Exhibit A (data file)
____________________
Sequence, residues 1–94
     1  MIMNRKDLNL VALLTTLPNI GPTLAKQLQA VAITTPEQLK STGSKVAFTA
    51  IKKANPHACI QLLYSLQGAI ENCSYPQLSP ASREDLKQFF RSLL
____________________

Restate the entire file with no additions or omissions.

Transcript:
Sequence, residues 1–94
     1  MIMNRKDLNL VALLTTLPNI GPTLAKQLQA VAITTPEQLK STGSKVAFTA
    51  IKKANPHACI QLLYSLQGAI ENCSYPQLSP ASREDLKQFF RSLL